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In moments in his ministry, Jesus answers a question with another question. If we weren’t talking about God incarnate, we could dismiss this as conversation filler or procrastinating banter. Or we could consider that there is holy strategy behind Jesus’ interactions that steer away from direct answers and toward prompts...
Jesus, the next time we are faced with a question meant to challenge our faith and ethics or defame our character and intentions, guide us into responses that further the conversation and betterment of all. Amen.
Second Samuel records the final words of David. David takes comfort in the covenant that God has made with his family, which must be continued by kings who will honor God and rule justly. The psalmist sings of this same covenant with David’s family and the same necessity to follow God’s decrees in order to rule well. Revelation opens with a vision of Jesus Christ, the fulfillment of the Davidic covenant, the King to rule over all kings for all time. Many expected Jesus to set up a political kingdom. Yet in John, Jesus tells Pilate that his kingdom is not an earthly one. This week let us thank God that the kingdom is based not on the exercise of power but on Jesus’ example of serving others.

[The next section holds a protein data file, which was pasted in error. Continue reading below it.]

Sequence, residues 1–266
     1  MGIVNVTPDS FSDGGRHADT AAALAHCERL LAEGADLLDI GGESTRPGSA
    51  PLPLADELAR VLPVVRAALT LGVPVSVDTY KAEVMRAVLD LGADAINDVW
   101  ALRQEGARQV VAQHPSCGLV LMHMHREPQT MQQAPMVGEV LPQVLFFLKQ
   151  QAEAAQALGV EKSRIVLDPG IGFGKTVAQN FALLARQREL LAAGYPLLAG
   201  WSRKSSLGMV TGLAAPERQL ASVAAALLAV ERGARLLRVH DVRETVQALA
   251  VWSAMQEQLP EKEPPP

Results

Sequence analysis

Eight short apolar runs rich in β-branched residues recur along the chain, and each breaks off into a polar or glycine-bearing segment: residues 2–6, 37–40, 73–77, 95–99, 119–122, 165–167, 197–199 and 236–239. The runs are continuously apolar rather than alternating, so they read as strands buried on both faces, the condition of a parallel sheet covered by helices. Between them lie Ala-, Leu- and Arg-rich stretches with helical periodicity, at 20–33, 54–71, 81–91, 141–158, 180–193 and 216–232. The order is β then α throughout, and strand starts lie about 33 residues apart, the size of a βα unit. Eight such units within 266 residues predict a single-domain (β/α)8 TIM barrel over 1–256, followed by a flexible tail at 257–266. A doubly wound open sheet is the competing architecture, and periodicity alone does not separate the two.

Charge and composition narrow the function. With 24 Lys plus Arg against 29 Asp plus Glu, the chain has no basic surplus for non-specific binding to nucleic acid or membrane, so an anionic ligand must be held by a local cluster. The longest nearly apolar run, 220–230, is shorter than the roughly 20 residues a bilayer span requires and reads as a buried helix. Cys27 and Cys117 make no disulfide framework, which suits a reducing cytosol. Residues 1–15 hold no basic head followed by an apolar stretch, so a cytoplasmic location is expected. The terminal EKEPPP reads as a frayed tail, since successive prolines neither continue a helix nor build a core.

Read 2 Samuel 23:1-7. What characteristics would you include in a description of a just leader? Where do you see those characteristics in world leaders today?
Read Psalm 132:1-18. What is your vision of Paradise? Who will be seated at the table with you?
Read Revelation 1:4b-8. How do you bear witness to the “Alpha and the Omega”?
Read John 18:33-37. What is your understanding of what it means to live in God’s kingdom?
Respond by posting a prayer.
I join many of those who will pray for you as you seek to discern what you are called to be at this moment. May God grant you the courage to fulfill that calling. May we all open our eyes and see the misery, open our ears and hear the cries of God’s people, and, like God through the Lord Jesus Christ, be incarnate amongst them.”
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